your carrier compute the total cubic
feet your freight will take up so it
can reserve space and estimate your
shipping charges. But note that the
estimate it provides is based on the
info you've shared, so "garbage in,
garbage out." If the size of your shipment
increases, expect your invoice
to increase. However, if your shipment
shrinks, don't expect your bill to follow
suit, since the carrier used your
estimate to reserve space that can't be
resold to another customer.
An important side note: If you don't
go through the steps of calculating
the dimensions and weight of every
last piece of freight, be sure to provide
the measurements for the largest
piece you'll be shipping so the carrier
can make sure its standard equipment
and vehicles can accommodate it.
Number of Pickup and Delivery Locations
It's not at all unusual for
exhibitors to need carriers to pick
up freight from various locations
and deliver it to multiple destinations.
For example, you may have a
hanging sign that needs to ship from
your company's headquarters to the
general service contractor's (GSC's)
advance warehouse. You may also
have a pickup of your display properties
at your exhibit house that needs
to be delivered to either the advance
warehouse or directly to the show site.
Then throw in those extra pallets of
event-marketing materials that need
to ship to a hotel in the same show
city for the off-site hospitality event
you're holding for VIP clients.
It goes without saying that these
additional logistical factors can affect
your shipping estimate. But it never
hurts to ask if you can consolidate
these multiple shipments for cost
savings based on your total shipping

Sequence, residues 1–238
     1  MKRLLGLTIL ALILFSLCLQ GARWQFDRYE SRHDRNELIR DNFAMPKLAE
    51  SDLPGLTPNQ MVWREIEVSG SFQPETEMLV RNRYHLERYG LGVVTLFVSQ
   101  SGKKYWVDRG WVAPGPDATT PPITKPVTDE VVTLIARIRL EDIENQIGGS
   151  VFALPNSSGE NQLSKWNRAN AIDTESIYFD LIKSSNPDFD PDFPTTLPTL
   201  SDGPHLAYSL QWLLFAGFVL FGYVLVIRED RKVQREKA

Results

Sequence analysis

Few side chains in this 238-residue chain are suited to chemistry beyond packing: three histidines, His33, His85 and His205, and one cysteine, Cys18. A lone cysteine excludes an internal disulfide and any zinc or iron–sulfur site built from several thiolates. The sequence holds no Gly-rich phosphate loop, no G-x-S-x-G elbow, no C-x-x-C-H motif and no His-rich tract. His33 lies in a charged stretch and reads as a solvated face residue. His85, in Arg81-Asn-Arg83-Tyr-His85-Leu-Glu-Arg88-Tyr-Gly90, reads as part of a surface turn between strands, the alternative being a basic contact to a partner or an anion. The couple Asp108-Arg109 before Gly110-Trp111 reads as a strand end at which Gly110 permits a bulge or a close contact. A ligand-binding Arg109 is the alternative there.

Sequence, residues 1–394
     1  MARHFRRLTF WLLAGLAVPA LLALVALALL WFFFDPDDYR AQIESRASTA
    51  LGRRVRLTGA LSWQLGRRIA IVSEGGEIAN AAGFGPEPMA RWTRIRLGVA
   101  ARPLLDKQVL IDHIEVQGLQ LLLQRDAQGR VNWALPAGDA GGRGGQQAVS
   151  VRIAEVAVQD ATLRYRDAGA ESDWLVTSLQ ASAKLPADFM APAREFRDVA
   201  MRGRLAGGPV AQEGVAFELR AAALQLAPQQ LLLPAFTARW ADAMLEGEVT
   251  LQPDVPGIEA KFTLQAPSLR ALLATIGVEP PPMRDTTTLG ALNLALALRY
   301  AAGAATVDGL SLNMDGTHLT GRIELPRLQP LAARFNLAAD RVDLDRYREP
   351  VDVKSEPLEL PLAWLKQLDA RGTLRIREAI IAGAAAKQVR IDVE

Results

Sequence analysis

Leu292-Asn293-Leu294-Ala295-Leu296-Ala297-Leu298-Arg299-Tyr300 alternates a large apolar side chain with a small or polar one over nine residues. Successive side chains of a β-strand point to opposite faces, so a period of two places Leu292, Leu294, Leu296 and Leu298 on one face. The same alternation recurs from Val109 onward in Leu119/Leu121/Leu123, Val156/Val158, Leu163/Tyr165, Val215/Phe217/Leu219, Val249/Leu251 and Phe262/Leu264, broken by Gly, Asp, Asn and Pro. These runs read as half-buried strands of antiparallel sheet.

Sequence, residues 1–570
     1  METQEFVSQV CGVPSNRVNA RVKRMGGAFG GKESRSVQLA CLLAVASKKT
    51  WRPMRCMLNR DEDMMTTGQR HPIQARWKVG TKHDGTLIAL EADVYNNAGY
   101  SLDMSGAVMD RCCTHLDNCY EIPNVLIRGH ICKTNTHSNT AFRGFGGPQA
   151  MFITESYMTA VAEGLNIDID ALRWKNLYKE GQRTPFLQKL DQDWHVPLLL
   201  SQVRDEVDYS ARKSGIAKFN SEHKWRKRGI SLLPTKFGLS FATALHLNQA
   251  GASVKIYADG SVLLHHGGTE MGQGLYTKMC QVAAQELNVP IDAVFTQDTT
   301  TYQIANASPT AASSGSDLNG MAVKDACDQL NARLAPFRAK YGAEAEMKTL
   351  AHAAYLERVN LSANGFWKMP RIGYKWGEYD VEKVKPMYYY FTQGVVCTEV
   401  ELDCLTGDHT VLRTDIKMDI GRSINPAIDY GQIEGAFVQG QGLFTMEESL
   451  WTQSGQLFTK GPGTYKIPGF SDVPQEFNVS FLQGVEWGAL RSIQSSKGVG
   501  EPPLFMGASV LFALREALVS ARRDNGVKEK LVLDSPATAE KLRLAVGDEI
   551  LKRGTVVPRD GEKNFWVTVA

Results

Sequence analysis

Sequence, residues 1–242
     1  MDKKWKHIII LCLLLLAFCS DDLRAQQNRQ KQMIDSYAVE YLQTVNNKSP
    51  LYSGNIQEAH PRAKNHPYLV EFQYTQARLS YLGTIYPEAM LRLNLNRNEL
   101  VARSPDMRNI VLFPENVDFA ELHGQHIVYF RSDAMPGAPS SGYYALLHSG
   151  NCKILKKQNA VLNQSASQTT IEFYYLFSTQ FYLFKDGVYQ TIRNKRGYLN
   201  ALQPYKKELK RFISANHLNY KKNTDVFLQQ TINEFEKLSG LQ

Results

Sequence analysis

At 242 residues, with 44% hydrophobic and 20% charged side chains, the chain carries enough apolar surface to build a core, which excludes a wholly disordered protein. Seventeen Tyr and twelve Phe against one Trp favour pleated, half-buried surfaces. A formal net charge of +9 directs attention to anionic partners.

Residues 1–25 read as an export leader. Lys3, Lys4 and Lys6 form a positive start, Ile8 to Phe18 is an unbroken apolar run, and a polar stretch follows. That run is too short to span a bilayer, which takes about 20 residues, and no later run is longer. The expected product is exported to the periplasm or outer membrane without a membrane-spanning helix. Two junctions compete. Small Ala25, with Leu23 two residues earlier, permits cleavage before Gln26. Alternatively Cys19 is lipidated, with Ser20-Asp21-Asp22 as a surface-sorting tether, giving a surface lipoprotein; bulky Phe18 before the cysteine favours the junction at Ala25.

volume, leaving you to just pay an
additional fee for each of the extra
pickups or deliveries.
Pickup Dates and Times
The next piece of information
your carrier needs
is when the shipment will be ready
for pickup and when the freight has
to arrive at its destination. I always
try to build an extra day or two into
the schedule just in case a problem
arises due to inclement weather,
mechanical failure, or even human
error. Also consider that the less time
your carrier has between your desired
pickup and delivery, the more expensive
your shipment will be, as it may
have to be expedited by adding a
second driver or putting it on a plane.
And how closely should you target
your freight pickup? Do you tell the carrier it can pick it up on Tuesday,
Tuesday afternoon, or only on Tuesday
between 3 p.m. and 4 p.m.? If
your shipment is only available to the
carrier between certain hours instead
of all day, this can create what's
known in the transportation industry
as a "special" that will cost you more
since the carrier's other stops have to
be scheduled around yours. And if
the targeted pickup or delivery time
isn't within normal working hours,
expect an off-hours surcharge.
Special Equipment or
Be sure to let your carrier
know of any special equipment you
may need to facilitate the movement
of your freight, such as a liftgate on
the carrier's truck if your company
doesn't have a truck-level loading
dock, pallet jacks, J-bars for adjusting
crates, or stacker bars for securing
stacked or rolling freight. And if your pickup location isn't on the ground
floor, there may be distance-based
fees for the extra labor or equipment
needed to negotiate the freight onto
an elevator or down a flight of stairs.
These may seem like minor considerations,
but you'd be surprised how
quickly labor and equipment-rental
fees can add up.
Bottom line: Exhibit managers tend
to oversimplify specialized exhibit
shipping – until they live through a
freight-related crisis. But by being
upfront with your carrier about all
your shipping requirements, getting
your exhibit to the show floor can be
as stress-free as a Sunday drive.
CTSM, CEM, CMP, CMM
"The Booth Mom," is an independent exhibit project manager, trainer, speaker, consultant, and an Exhibitor Conference faculty member. CandyAdams@BoothMom.com